Tending Soul, Mind, and Body, Edited by Gerald Hiestand & Todd Wilson. Downers Grove: IVP Academic, 2019.
Summary: A collection of papers from the 2018 Center for Pastor Theologians Conference drawing from a variety of perspectives to consider how as whole persons we are formed in Christ.
The editors observe that there were three threads to the papers presented at the 2018 Center for Pastor Theologians conference on spiritual formation. Spiritual formation is an art. Spiritual formation is a science. And spiritual formation is a work of the Spirit forming us in the image of God in the likeness of the risen Christ. The pastors and theologians who contribute the bulk of the papers were joined by a couple of psychologists who add scientific perspectives to the discussion.
The papers were grouped in two parts. The first was on biblical, theological and historical perspectives on spiritual formation. It begins with a study of the first letter to the Corinthians from a civic and cultural formation perspective, inculcating the wisdom and vision to see themselves as a sanctuary of the Holy Spirit, counter to their culture. Several other essays that stood out in this section were Kevin Vanhoozer’s essay on the formation of our human spirit in the character of Christ, Rachel Stahle’s mining the riches of Jonathan Edwards’ thoughts on sanctification, and a particularly insightful essay drawing on Dietrich Bonhoeffer on spiritual misformation. He observes Bonhoeffer’s counter-intuitive insight that conscience reflects, not the inner voice of God, but rather the self curved in upon itself that is the consequence of the fall, that is a defense against God. Vincent Bacote closes out this section with a study of the rich resources of formation in African-American Christianity with its emphasis on lament and embodied spirituality.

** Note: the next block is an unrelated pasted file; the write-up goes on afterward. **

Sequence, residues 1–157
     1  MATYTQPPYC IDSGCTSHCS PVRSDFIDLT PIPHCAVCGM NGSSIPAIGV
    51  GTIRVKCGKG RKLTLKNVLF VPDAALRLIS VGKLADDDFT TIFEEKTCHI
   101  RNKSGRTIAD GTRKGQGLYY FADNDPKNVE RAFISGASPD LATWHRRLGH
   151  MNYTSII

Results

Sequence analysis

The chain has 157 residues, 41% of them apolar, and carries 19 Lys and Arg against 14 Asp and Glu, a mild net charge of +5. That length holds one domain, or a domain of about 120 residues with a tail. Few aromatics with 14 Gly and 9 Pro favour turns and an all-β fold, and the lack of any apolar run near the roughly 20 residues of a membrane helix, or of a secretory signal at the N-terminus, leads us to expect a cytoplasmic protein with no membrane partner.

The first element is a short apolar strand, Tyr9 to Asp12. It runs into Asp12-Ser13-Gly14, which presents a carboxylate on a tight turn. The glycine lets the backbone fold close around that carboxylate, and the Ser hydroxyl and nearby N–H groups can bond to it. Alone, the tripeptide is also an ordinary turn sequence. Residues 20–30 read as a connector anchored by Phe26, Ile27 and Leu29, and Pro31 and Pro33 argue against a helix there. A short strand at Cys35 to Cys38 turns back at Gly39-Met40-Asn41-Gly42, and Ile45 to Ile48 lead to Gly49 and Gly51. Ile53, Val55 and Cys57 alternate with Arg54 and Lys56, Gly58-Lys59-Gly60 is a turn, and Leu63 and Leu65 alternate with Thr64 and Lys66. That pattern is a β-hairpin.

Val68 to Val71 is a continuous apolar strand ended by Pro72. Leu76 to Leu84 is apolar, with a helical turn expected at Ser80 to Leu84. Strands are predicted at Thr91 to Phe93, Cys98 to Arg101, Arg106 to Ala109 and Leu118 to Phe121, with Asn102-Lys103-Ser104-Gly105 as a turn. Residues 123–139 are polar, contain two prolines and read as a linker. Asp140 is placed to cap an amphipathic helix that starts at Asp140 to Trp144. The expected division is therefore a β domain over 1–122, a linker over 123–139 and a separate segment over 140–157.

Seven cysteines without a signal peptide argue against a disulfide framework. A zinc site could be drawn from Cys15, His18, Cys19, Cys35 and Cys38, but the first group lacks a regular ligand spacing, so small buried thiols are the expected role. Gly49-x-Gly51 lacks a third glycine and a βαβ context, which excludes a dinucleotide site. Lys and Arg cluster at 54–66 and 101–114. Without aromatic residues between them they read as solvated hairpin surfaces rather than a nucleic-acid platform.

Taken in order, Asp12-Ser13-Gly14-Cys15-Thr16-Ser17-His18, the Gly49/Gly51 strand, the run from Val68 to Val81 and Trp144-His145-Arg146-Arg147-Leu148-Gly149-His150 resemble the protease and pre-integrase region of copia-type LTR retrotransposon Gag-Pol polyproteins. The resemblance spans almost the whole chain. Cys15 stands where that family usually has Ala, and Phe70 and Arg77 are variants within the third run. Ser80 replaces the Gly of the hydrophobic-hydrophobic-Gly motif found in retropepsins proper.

The second group focuses on practical wisdom. Todd Wilson leads off exploring how it is possible for pastors and leaders to be both godly and dysfunctional. He observes this comes of not taking either the body or the brain (our psyches with their wounds and scars) seriously and from the lack of interpersonal communion. Cherith Fee Nordling takes Eugene Peterson’s two word description of spirituality–“practice resurrection” and marvelously expands what this means for embodied Christians living in the hope of the resurrection. Andrew Schmutzer writes with candor that arises from experience of abuse and ministry with the abused. William Struthers offers a provocative essay on “neuropharmacoforation” exploring how we navigate a culture increasingly at ease seeking spiritual experience through chemical means.
I’ve touched on the essays that most caught my attention, but as in other proceedings from these conferences, what marks this collection are theologians, pastors, and other specialists working at the intersection of theology and pastoral care, where theology is informed by and connected with the care of people and pastoral care is informed by rigorous theological thinking in service of the people of God. What is heartening in this collection is to note the greater diversity of women and theologians who are persons of color. This is a great gain, and a model of the whole church learning from and instructing the whole church.
Disclosure of Material Connection: I received a complimentary review copy of this book from the publisher. The opinions I have expressed are my own.